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Counties test expanded protective order registry

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Eight Indiana counties will be the first to use the state's expanded electronic protective order registry. The expansion is a result of a partnership between the Indiana Supreme Court, law enforcement, clerks, and domestic violence groups.

The expanded registry will allow a victim to complete required forms online with the help of a domestic violence advocate, which are then printed and taken to the county clerk for filing. Once the judge issues the protective order, the information will be sent to local, state, and federal law enforcement.

Elkhart and St. Joseph counties will kick off the pilot program July 27; Allen, Grant, Madison, Marion, Tippecanoe, and Wabash counties will also be the first to use the expanded registry.

"We are strong supporters of the registry and want people to understand this is more than a technology upgrade - it will allow our volunteers to give victims the assistance they need and link them to community resources," said Laura Berry Berman, executive director of the Indiana Coalition Against Domestic Violence, in a statement released by the court.

The Supreme Court received a $135,235 grant from the Indiana Criminal Justice Institute to improve the electronic protection order registry. More information on the registry is available on the Judicial Technology and Automation Committee's Web site.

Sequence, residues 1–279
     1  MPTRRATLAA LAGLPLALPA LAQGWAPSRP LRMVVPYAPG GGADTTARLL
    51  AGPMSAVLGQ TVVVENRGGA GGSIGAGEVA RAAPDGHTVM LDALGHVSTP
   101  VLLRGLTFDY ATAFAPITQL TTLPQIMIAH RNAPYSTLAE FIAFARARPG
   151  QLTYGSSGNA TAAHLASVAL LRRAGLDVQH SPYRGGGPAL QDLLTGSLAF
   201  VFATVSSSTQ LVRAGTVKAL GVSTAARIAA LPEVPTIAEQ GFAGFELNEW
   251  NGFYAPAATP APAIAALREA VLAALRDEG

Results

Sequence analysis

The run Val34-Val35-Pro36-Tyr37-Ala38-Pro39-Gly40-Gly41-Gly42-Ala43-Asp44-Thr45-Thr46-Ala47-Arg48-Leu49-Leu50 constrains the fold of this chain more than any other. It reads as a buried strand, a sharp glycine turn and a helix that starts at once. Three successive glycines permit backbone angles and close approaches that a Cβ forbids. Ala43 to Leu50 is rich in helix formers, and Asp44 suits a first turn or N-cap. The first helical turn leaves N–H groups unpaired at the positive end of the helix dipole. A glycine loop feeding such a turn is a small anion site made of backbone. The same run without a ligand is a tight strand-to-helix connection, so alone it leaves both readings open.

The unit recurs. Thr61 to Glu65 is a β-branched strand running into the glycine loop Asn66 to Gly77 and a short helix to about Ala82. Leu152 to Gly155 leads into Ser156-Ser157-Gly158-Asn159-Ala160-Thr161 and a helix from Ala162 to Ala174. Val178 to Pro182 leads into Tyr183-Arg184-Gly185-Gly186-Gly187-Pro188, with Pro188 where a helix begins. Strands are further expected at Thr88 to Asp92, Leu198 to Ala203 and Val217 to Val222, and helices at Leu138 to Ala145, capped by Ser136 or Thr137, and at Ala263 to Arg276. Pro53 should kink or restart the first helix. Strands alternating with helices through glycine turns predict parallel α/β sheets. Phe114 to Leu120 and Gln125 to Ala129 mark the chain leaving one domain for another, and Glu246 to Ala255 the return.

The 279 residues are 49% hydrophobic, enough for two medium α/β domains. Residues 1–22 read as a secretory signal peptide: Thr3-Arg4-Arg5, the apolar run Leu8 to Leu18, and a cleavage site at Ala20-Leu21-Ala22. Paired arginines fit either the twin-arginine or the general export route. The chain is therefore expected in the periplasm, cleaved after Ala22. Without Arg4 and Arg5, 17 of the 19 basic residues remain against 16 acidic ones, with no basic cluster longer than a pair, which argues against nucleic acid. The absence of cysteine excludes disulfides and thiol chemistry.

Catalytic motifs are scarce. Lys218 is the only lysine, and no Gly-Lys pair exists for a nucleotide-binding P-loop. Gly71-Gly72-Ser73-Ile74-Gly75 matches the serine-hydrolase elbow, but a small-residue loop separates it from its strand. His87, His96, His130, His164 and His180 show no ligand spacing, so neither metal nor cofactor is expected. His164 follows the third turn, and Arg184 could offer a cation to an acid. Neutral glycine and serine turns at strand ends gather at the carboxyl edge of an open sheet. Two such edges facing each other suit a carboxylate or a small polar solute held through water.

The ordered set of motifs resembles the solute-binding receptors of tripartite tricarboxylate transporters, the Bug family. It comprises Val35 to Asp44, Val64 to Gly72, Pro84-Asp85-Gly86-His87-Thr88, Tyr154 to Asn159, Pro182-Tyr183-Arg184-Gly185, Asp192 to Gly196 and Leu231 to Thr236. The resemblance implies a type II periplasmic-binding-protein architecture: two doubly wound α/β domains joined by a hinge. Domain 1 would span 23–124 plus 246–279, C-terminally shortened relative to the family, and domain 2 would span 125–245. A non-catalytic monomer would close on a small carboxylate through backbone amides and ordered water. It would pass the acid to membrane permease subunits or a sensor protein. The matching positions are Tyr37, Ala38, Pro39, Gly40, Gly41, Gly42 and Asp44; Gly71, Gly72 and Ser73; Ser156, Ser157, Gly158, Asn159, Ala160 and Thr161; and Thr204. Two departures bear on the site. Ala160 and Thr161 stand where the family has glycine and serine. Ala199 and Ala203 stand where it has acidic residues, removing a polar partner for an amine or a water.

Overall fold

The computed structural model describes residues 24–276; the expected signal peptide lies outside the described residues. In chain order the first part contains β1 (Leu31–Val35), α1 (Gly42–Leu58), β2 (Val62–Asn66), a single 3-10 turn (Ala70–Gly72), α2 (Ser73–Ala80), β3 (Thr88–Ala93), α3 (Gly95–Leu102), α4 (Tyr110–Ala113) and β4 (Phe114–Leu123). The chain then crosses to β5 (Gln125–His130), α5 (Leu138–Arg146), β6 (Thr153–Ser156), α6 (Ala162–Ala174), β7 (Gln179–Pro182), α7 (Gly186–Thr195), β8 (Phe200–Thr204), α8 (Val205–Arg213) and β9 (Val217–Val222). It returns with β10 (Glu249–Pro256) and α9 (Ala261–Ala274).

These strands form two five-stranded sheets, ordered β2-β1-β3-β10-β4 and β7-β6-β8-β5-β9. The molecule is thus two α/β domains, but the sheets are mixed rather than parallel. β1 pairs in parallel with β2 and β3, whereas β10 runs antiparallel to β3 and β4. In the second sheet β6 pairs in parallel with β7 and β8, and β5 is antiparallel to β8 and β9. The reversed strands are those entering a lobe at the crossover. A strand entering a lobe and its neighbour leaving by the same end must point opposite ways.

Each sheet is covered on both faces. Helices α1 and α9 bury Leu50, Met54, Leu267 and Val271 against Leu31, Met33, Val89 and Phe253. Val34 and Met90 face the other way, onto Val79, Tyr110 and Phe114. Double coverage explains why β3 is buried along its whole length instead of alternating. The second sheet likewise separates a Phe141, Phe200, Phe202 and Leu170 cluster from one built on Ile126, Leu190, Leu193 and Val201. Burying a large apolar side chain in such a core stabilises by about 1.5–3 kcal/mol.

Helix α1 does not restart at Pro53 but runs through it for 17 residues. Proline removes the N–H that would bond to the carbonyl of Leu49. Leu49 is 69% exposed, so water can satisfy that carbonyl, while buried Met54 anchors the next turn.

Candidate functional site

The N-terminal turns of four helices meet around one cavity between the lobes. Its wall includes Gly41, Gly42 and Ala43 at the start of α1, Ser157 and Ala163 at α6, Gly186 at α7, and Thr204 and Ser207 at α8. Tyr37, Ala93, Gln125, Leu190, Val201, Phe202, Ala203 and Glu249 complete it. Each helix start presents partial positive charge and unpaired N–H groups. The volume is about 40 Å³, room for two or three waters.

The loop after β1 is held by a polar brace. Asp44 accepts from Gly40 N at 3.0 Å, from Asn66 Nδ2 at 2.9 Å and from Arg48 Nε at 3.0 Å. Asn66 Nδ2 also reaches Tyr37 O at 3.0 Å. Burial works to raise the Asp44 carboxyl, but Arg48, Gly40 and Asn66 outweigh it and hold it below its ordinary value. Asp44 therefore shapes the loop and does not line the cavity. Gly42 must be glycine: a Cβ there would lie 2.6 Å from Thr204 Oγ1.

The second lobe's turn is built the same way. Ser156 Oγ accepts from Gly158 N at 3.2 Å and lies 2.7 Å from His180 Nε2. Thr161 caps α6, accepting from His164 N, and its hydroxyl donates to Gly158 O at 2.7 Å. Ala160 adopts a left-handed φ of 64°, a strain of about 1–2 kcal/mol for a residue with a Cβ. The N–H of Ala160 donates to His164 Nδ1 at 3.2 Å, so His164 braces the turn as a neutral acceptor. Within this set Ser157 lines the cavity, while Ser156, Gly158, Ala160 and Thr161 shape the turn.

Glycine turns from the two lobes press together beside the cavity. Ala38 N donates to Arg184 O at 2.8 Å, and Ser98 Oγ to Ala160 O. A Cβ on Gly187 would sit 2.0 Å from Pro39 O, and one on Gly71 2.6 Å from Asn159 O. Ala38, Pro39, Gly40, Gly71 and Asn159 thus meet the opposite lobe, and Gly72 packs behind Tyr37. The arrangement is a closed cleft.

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  2. Hail to our Constitutional Law Expert in the Executive Office! “What you’re not paying attention to is the fact that I just took an action to change the law,” Obama said.

  3. What is this, the Ind Supreme Court thinking that there is a separation of powers and limited enumerated powers as delegated by a dusty old document? Such eighteen century thinking, so rare and unwanted by the elites in this modern age. Dictate to us, dictate over us, the massess are chanting! George Soros agrees. Time to change with times Ind Supreme Court, says all President Snows. Rule by executive decree is the new black.

  4. I made the same argument before a commission of the Indiana Supreme Court and then to the fedeal district and federal appellate courts. Fell flat. So very glad to read that some judges still beleive that evidentiary foundations matter.

  5. KUDOS to the Indiana Supreme Court for realizing that some bureacracies need to go to the stake. Recall what RWR said: "No government ever voluntarily reduces itself in size. Government programs, once launched, never disappear. Actually, a government bureau is the nearest thing to eternal life we'll ever see on this earth!" NOW ... what next to this rare and inspiring chopping block? Well, the Commission on Gender and Race (but not religion!?!) is way overdue. And some other Board's could be cut with a positive for State and the reputation of the Indiana judiciary.

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